US Twitter Visitors Down in October – Sound the Alarm?
Before you read any further just lean back and take a deep breath. You are about to enter the “Research Zone”. You know the place well. It’s where we give you shocking numbers that someone has come up with using their “methodology” and it is then used to create shocking headlines around the Internet for your reading enjoyment. It’s almost like having an informant who whispers something in your ear then you get to blab it all over the place and set the masses running. It’s fun!
Today’s “OMG stat” is brought to you by comScore via TechCrunch. Apparently, Twitter had a rough October.
Ever since last summer, Twitter’s growth in the U.S. has been stalling. But in October, the number of people who visited Twitter.com from the U.S. actually declined for the first time by 8 percent month-over-month. Estimates released today by comScore put Twitter’s domestic unique visitors at 19.2 million, down from 20.9 million in September.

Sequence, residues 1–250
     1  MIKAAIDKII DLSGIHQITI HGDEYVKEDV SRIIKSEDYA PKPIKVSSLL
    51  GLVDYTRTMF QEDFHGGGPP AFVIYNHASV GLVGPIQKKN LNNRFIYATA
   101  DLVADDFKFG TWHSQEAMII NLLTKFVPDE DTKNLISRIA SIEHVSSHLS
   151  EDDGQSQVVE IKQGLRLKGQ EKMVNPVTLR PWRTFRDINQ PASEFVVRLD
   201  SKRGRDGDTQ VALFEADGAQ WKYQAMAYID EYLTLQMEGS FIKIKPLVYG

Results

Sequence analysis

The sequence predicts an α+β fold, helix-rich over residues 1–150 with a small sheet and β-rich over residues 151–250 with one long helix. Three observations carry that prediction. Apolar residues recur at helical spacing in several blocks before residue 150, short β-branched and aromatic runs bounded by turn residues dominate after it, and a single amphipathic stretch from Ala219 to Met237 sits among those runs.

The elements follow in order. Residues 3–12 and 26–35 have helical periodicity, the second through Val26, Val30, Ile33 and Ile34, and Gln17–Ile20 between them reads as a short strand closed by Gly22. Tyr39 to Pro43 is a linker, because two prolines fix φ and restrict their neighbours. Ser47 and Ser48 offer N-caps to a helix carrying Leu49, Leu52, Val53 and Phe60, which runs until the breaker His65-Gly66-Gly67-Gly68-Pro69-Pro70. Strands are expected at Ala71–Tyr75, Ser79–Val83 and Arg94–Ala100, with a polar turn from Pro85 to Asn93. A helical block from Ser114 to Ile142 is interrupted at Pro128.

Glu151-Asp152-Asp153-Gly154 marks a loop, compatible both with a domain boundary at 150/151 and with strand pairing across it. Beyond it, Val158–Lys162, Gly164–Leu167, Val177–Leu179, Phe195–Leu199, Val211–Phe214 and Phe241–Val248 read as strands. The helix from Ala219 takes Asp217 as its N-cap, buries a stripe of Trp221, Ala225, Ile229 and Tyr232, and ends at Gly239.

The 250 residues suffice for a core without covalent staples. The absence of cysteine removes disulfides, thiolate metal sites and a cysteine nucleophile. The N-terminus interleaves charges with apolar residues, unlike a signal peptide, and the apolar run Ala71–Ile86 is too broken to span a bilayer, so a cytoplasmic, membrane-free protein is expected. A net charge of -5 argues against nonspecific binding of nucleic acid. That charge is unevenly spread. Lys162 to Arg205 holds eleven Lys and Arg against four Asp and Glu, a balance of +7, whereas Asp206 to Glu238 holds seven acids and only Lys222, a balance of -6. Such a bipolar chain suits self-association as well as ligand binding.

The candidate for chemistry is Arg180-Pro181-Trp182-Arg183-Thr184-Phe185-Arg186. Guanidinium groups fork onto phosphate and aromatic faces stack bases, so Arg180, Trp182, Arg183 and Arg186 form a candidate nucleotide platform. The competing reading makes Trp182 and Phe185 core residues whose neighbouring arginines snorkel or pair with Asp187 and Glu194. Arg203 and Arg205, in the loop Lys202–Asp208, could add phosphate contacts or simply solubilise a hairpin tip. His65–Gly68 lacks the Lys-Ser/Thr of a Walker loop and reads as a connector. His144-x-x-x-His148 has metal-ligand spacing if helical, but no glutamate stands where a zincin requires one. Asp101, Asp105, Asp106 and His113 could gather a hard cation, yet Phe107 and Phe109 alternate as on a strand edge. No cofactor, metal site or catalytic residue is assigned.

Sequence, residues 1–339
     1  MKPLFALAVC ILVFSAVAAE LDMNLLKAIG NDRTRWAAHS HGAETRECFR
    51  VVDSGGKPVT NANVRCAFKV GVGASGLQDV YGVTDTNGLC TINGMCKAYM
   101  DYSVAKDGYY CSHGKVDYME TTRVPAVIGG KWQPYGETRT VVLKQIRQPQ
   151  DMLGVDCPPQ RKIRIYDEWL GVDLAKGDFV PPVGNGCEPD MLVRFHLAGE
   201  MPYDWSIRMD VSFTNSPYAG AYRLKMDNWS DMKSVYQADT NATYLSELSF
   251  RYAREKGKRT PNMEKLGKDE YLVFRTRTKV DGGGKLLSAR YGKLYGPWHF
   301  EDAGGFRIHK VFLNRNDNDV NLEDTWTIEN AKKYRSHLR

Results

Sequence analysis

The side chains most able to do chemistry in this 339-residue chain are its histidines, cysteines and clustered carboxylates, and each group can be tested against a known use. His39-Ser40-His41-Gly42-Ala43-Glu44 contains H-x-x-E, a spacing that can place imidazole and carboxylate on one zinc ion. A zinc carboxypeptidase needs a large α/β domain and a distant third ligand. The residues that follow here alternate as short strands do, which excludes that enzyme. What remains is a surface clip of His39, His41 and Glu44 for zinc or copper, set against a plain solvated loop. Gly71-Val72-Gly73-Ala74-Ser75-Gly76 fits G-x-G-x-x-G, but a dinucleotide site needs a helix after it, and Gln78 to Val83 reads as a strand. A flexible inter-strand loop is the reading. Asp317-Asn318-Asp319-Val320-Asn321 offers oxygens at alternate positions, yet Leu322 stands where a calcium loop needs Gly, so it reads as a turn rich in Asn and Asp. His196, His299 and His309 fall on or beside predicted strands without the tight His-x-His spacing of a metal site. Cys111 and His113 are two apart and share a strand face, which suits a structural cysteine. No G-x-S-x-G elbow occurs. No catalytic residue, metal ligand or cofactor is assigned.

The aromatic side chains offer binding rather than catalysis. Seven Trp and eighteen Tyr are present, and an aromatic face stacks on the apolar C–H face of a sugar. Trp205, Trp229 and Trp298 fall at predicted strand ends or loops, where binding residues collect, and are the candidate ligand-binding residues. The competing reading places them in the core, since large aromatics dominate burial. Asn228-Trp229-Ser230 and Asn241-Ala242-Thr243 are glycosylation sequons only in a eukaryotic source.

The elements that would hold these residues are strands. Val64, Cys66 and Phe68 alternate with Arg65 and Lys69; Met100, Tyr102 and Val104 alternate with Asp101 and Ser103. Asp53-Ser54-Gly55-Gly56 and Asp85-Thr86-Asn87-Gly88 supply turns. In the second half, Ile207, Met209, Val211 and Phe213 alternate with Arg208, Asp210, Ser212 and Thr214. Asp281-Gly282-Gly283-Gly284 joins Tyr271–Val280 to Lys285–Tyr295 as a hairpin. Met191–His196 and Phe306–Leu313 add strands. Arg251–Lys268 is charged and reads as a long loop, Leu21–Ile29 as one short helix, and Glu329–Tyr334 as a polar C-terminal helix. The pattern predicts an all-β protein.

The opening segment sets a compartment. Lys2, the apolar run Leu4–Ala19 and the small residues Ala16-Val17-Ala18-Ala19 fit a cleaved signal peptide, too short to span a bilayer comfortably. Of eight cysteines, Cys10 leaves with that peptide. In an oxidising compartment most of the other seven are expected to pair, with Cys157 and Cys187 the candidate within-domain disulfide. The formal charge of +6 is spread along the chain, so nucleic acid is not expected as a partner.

On an annual basis, Twitter is still going gangbusters with 1,271 percent growth from 1.4 million visitors in October, 2008. And on a global basis, it still seems to be chugging away with 58.4 million visitors in September. But a hypergrowth company like Twitter cannot afford to slow down in its home market.
Things to consider:
- Evan Williams, Twitter’s CEO, has acknowledged the slowdown so there must be some validity to it. His hope is new features will help slow or stop this trend
- These results do not measure those accessing Twitter via third party clients. Only Twitter knows how many actual accounts they have and which are showing activity. Of course, I challenge them to present a number of accounts that are real users and not spammers. What would the numbers look like then?
- This could be a hiccup
- Facebook is possibly cleaning their clock
- US growth is one piece, albeit a very important one, to the grand Twitterscheme of things
Here’s the pretty picture for you to look at wonder over.
So what’s your take? Twitter – thumbs up or thumbs down? Can adding new features attract more users or are they just tools that “preach to the choir” meaning only helping those already on board? Should anyone be worried about this?